A novel psychological therapy that encourages addressing emotional experiences related to trauma, conflict and relationship problems has been found helpful for people with the chronic pain condition fibromyalgia. A research team led by Mark A. Lumley, Ph.D., professor of psychology in the College of Liberal Arts and Sciences at Wayne State University, in collaboration with a team from the University of Michigan Medical Center led by David A. Williams, Ph.D., professor of anesthesiology, has released the results of its research in the prestigious journal, PAIN.
Researchers at Wayne State University led by Nathan Fisher, associate professor of computer science in the College of Engineering, received a $1.2 million grant from the National Science Foundation to address the need for effective, integrative battery operating systems that provide sustained and reliable power.
A research team led by Deborah Ellis, Ph.D., professor of family medicine and public health sciences in Wayne State University’s School of Medicine, received a $3.2 million award from the National Heart, Lung and Blood Institute of the National Institutes of Health. The grant will fund a study that will develop interventions to reduce barriers to optimal asthma management and reduce the risk for asthma-related deaths of minority children, with a focus on African American adolescents.
On July 25, 2017, the National Science Foundation announced awards totaling $51 million to 17 projects that will develop and implement bold, new and potentially transformative models for graduate education in science, technology, engineering and mathematics (STEM) fields. A team of Wayne State University faculty were awarded a five-year, $2,999,976 grant for their project, “NRT: Transformative Research in Urban Sustainability Training (T-RUST).”
With the help of a five-year, $1.8 million grant from the National Institute of Allergy and Infectious Diseases of the National Institutes of Health, researchers at Wayne State University are using a new zebrafish animal model to better understand how V. cholerae acts as a human pathogen, enabling future research to identify new therapeutic treatments as well as targets for environmental remediation. The grant is entitled “Mechanisms for Vibrio cholerae colonization and pathogenesis in zebrafish.”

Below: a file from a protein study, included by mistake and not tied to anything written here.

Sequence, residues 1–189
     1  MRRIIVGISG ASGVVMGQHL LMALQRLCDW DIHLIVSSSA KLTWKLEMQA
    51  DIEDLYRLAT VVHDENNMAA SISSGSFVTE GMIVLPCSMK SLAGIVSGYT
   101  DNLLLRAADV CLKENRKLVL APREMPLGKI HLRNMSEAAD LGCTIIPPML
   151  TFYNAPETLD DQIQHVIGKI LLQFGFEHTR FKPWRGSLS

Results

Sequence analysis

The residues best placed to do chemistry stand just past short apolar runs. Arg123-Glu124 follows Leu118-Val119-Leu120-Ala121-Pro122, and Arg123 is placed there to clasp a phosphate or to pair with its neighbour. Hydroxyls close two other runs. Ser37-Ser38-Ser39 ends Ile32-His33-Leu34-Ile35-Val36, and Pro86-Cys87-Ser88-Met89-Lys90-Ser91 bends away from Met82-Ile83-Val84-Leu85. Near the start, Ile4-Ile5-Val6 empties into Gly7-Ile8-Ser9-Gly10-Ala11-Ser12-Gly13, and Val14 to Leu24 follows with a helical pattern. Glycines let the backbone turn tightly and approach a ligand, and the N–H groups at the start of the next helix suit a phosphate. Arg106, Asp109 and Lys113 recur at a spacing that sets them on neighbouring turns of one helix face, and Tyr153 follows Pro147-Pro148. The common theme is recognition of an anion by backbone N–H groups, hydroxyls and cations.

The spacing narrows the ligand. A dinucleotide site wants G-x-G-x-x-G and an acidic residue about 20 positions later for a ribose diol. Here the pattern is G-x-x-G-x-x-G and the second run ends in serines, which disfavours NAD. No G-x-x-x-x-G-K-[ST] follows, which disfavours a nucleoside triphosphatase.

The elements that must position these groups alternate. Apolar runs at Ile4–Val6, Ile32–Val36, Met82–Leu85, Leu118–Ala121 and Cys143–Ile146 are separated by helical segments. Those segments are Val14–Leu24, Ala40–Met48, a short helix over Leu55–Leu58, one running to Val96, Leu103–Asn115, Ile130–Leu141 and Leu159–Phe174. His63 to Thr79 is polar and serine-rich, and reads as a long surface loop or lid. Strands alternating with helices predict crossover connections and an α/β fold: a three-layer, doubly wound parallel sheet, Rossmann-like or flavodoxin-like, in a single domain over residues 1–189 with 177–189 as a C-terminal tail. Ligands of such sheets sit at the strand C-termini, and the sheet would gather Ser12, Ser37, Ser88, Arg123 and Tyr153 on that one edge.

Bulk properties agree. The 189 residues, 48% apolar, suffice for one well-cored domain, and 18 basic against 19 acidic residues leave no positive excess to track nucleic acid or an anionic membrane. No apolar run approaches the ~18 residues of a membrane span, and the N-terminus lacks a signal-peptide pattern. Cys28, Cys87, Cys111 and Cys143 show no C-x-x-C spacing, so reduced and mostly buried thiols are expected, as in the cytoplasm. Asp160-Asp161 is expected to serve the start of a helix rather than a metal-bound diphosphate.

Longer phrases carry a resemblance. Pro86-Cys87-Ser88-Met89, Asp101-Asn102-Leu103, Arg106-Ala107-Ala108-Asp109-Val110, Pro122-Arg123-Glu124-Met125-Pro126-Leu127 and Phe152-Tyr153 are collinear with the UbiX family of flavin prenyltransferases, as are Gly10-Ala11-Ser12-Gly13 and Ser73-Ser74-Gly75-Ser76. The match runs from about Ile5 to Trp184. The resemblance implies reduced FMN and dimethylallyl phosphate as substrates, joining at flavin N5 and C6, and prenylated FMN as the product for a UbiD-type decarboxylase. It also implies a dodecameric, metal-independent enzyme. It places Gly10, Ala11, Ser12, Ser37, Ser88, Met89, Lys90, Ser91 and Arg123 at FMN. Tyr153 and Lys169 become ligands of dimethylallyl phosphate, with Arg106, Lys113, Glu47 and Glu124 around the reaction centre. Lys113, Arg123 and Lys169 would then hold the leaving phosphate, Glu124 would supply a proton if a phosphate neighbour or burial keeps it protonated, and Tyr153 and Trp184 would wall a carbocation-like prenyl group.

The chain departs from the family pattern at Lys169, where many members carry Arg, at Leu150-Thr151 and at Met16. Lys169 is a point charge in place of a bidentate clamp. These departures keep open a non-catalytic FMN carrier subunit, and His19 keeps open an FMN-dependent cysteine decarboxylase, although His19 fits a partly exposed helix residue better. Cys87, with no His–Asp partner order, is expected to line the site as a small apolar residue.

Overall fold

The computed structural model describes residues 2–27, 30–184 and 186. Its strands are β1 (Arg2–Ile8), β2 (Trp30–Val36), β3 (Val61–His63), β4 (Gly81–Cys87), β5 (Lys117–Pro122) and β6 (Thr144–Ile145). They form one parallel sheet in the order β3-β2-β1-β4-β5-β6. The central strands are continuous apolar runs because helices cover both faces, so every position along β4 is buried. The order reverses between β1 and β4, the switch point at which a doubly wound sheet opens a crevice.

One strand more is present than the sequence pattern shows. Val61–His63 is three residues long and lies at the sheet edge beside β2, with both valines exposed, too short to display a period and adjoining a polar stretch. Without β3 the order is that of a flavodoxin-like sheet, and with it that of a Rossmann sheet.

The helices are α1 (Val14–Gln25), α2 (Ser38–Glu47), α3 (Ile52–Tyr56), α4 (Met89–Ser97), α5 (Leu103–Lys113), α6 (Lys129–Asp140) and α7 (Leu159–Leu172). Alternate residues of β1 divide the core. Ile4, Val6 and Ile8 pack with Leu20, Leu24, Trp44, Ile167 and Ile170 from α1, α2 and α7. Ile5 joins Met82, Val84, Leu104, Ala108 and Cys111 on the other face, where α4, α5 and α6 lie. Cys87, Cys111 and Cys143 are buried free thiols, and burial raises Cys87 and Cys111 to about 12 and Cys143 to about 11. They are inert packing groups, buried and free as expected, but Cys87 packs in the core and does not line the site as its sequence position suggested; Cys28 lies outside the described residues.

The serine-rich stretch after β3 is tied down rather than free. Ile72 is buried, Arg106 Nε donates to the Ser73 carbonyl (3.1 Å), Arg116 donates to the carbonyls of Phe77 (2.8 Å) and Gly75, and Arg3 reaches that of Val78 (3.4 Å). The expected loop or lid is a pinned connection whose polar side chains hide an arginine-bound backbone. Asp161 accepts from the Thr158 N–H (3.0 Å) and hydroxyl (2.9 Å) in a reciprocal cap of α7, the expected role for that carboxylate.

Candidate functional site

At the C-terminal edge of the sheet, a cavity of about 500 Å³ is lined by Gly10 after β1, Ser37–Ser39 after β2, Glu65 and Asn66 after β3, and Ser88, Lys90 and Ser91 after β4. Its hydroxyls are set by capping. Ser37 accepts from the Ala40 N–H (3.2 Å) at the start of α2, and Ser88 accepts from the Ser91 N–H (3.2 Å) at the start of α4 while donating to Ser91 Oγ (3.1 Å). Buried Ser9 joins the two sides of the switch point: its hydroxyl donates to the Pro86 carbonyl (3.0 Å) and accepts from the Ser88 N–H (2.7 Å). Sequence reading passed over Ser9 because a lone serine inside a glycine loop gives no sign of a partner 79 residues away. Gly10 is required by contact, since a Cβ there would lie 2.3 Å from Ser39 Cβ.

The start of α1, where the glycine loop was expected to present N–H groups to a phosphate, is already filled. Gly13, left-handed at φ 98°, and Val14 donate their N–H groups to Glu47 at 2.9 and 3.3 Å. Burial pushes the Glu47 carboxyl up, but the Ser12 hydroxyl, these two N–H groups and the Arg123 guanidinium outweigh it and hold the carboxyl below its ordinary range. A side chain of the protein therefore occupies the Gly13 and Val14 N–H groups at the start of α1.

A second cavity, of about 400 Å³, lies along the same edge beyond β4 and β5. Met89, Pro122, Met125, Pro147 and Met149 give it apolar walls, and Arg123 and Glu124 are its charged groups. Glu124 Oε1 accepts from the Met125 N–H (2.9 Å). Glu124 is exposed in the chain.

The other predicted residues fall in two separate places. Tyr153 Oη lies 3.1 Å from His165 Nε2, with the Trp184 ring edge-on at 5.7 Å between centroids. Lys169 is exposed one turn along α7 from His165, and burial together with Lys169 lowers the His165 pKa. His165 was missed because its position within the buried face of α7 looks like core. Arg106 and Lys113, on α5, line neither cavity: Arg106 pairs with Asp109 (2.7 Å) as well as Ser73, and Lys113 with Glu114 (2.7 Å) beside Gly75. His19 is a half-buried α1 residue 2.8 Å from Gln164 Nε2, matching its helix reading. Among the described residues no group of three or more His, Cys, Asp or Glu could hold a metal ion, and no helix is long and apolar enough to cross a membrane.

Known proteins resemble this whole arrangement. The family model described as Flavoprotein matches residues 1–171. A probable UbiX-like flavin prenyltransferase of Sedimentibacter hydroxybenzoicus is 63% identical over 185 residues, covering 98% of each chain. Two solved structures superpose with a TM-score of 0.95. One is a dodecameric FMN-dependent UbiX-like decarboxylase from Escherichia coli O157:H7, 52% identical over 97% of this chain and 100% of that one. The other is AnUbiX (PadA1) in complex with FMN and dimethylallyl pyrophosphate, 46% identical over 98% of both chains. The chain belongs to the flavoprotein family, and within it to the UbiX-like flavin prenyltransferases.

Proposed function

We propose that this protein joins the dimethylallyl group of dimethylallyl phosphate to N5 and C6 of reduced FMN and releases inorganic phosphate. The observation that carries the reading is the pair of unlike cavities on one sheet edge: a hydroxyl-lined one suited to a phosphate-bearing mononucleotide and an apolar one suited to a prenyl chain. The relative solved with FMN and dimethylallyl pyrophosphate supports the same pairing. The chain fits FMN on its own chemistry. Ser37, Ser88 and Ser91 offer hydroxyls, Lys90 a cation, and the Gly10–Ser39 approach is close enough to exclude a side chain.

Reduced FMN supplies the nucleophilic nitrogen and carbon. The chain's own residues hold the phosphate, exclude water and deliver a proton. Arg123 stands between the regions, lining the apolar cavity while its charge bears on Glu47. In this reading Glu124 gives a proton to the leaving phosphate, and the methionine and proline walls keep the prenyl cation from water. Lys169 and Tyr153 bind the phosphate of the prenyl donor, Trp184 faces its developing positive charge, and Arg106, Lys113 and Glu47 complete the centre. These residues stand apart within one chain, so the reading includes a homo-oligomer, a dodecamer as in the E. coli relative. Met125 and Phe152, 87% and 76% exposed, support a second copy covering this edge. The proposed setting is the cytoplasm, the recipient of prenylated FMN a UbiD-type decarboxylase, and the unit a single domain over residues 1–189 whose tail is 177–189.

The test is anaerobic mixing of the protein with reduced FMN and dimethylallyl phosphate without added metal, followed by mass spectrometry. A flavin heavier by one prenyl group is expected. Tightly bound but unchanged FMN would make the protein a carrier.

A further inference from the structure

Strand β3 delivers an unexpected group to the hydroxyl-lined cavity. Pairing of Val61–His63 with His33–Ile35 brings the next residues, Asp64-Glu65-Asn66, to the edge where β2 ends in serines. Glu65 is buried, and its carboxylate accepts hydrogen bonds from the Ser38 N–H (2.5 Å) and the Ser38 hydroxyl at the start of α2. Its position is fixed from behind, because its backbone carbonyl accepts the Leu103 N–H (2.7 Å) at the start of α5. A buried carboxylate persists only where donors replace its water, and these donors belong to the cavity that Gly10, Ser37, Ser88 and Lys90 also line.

A team of Wayne State University researchers recently received a $1.9 million grant from the National Eye Institute of the National Institutes of Health to better understand leukodystrophies (LD) and genetic Leukoencephalopathies (gLE), rare genetic disorders affecting the white matter – myelin – in the central nervous system. Patients diagnosed with a leukodystrophy experience a gradual decline in development, including a progressive loss in gait, body tone, vision, hearing, swallowing and/or ability to eat.
A Wayne State University researcher recently received a $1.9 million grant from the National Eye Institute of the National Institutes of Health for the project, “Role of AMP-Activated Protein Kinase in Bacterial Endophthalmitis.”
Endophthalmitis is a severe inflammation of the interior of the eye caused by contaminating microorganisms that enter the eye following trauma or surgery, or that spread through the bloodstream from a distant infection site. Despite appropriate therapeutic intervention, bacterial endophthalmitis often results in vision loss and sometimes requires surgical removal of the eye.
A team of researchers led by Robert Wessells, Ph.D., assistant professor of physiology in the School of Medicine at Wayne State University, has received a two-year, $423,500 grant from the National Institute on Aging of the National Institutes of Health for the project, “Octopamine mediates benefits of endurance exercise in Drosophila.”